LAKESIDE SOLAR: Residents of Morgan, Vermont, are pushing back against a 500-megawatt solar array to be built along Seymour Lake.
While a handful of communities are busy fighting industrial wind-turbine projects, the town of Morgan is doing battle with the Public Service Board over a five-acre field of solar panels.
The town has a litany of environmental, economic and aesthetic concerns about the 500-kilowatt project called Seymour Lake Solar, which consists of an array of 100 18-foot solar tracker panels.
Last week, the town asked the PSB to reconsider its recent issuance of a certificate of public good to the project’s developer, David Blittersdorf, who has been one of the primary drivers of renewable energy projects in Vermont in recent years.
Also filed were seven affidavits citing what the documents called the PSB’s thus-far unkept promise of a public hearing. The affidavits say PSB Chair James Volz stated repeatedly during a site-visit in July that all questions and concerns would be addressed at a special hearing.
“The PSB has violated the due process rights of the town by failing to hold a hearing after the town filed substantive comments that should have met the requirements of the PSB to get a technical hearing,” local resident Candy Moot wrote to Watchdog. “The board’s chair said repeatedly that people could bring their issues up at ‘the hearing.’”
Judith Whitney, clerk of the Public Service, Board, told Watchdog that as policy the PSB does not comment on projects that are considered an open docket.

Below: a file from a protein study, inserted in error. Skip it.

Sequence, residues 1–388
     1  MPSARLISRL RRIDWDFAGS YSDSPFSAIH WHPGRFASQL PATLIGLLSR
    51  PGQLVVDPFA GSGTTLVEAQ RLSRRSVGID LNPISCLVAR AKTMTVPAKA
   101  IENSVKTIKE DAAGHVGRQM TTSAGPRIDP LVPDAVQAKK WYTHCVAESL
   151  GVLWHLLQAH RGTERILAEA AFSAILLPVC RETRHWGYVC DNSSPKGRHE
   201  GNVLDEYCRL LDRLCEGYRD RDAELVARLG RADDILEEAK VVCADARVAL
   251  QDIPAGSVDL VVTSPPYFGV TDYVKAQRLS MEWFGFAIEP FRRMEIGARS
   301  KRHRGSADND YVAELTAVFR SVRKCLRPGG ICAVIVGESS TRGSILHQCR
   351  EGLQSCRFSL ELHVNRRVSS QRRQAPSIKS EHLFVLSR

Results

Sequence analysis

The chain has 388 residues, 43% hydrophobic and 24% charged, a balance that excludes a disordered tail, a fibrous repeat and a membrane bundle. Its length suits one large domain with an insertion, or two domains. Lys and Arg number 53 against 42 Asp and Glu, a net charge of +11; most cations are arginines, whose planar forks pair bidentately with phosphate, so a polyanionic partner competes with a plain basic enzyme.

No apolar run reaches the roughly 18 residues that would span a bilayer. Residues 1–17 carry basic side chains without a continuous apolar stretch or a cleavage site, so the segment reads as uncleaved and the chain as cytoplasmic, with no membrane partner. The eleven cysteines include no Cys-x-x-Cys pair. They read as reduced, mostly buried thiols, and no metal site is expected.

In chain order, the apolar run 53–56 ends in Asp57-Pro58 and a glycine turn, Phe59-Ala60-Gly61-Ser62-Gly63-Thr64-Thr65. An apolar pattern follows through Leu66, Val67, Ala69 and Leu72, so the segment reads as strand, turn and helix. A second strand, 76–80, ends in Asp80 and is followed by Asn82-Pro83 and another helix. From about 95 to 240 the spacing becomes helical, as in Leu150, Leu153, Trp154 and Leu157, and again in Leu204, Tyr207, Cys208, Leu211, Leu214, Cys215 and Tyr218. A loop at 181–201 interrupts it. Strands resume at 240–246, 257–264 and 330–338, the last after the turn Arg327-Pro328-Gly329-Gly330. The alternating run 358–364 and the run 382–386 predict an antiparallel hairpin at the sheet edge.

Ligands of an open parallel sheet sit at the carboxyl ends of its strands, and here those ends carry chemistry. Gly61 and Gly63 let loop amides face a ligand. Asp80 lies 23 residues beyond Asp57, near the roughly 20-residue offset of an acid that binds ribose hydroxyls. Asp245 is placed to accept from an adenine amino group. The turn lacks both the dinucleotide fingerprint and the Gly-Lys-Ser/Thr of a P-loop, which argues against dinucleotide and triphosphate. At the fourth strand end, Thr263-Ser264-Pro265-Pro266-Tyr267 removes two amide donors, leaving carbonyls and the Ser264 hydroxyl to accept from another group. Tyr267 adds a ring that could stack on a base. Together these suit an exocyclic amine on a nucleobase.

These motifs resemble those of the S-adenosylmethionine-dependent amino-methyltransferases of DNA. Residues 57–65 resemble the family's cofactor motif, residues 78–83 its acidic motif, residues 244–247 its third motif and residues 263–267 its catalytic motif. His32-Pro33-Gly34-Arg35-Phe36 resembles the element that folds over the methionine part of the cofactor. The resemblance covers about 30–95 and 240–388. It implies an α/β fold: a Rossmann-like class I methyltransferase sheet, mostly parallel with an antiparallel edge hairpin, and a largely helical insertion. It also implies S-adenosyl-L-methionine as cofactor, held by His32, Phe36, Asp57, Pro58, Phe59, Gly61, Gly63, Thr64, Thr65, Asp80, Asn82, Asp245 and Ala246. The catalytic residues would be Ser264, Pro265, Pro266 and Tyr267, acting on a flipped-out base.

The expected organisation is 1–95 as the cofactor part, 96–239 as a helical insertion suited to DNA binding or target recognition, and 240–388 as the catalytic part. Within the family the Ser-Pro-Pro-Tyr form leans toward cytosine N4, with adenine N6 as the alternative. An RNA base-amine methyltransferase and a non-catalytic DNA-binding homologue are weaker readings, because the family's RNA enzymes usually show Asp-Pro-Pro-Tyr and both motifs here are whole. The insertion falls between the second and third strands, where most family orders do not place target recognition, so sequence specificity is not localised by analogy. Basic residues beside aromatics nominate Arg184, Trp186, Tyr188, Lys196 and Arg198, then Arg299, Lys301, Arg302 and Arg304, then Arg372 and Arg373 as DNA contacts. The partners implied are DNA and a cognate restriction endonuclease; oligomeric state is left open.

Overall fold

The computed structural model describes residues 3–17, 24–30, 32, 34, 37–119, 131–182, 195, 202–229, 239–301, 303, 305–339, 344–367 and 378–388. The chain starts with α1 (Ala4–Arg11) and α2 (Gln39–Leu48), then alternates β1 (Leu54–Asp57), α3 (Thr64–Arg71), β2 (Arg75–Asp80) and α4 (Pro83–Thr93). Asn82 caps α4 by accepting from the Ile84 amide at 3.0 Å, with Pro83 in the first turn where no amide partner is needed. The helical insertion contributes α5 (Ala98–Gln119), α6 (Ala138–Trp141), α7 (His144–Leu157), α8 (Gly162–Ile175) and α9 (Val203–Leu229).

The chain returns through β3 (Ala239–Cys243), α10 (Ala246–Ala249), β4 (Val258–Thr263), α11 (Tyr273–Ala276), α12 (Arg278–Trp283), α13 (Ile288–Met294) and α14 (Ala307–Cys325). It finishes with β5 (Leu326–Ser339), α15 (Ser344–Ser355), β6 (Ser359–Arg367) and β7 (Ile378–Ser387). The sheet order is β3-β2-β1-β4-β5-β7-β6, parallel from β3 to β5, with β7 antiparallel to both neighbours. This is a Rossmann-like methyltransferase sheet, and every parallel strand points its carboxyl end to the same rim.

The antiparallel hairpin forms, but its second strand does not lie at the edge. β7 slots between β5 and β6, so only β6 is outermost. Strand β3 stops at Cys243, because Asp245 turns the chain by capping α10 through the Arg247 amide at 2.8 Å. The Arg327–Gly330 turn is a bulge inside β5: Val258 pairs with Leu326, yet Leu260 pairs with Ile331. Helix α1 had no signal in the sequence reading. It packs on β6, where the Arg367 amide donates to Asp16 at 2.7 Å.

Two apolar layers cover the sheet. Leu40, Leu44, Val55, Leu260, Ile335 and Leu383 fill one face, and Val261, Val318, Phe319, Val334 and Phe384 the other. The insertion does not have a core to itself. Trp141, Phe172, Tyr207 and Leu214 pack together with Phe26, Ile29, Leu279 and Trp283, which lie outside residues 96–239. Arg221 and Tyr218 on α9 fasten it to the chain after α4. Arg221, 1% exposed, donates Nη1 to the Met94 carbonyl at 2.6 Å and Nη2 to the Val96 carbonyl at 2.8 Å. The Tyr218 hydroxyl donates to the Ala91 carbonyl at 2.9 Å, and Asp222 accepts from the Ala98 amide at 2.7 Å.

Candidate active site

Moot owns property on Seymour Lake that is 2,112 feet away from the proposed solar site. She said her main concern is additional runoff into the lake.
“When you add 42,000 square feet of impervious surface, you cannot tell me you are not going to impact the water quality that goes through the wetlands,” said Moot. “That goes into the tributaries and eventually dumps right into our lake.”
Selectboard Chair Larry Labor said the town’s own planing document has been largely disregarded by the PSB. That plan, which was specifically updated to address alternative energy, supports renewable projects at a residential scale but not for commercial/industrial scale.
“When it comes to the solar farm that this developer wants to install, it’s in violation of our town plan,” he said. “It disrupts the view and it’s highly questionable the effects this is going to have on our environment and the quality of water in our lake.”
When Act 174 was signed into law earlier this year, supporters said it would ensure that the PSB gave “substantial deference” to policies outlined in town plans. Critics noted there is no obligation that the PSB follow through.
“As far as I’m concerned we’re not seeing it,” said Labor. “And I think it’s quite disrespectful of the PSB to just say ‘save it for the hearing’ and then never have a hearing. What kind of deference is that?”
The town isn’t the only interested party not hearing back from the PSB. The Agency of Natural Resources, the Division of Historic Preservation, the Department of Public Service and the Vermont Electric Cooperative submitted statements on the project in September 2015; none have received a response.
In that document, the groups write that “this development is considerably more intrusive than initially represented by the applicant. One hundred AllEarth (the manufacturer) Solar Trackers standing 18 feet tall is visually not a small project.”
Labor also cited concerns about the cost. Seymour Lake Solar is a group net-metered project, meaning it will be connected to the grid and the Vermont Electric Cooperative is required to purchase power at around 20 cents per kilowatt-hour. Labor said that VEC might have to dump existing contracts with Hydro Quebec at around 5 cents per kilowatt-hour.
Andrea Cohen, VEC’s manager of government affairs confirmed that estimate.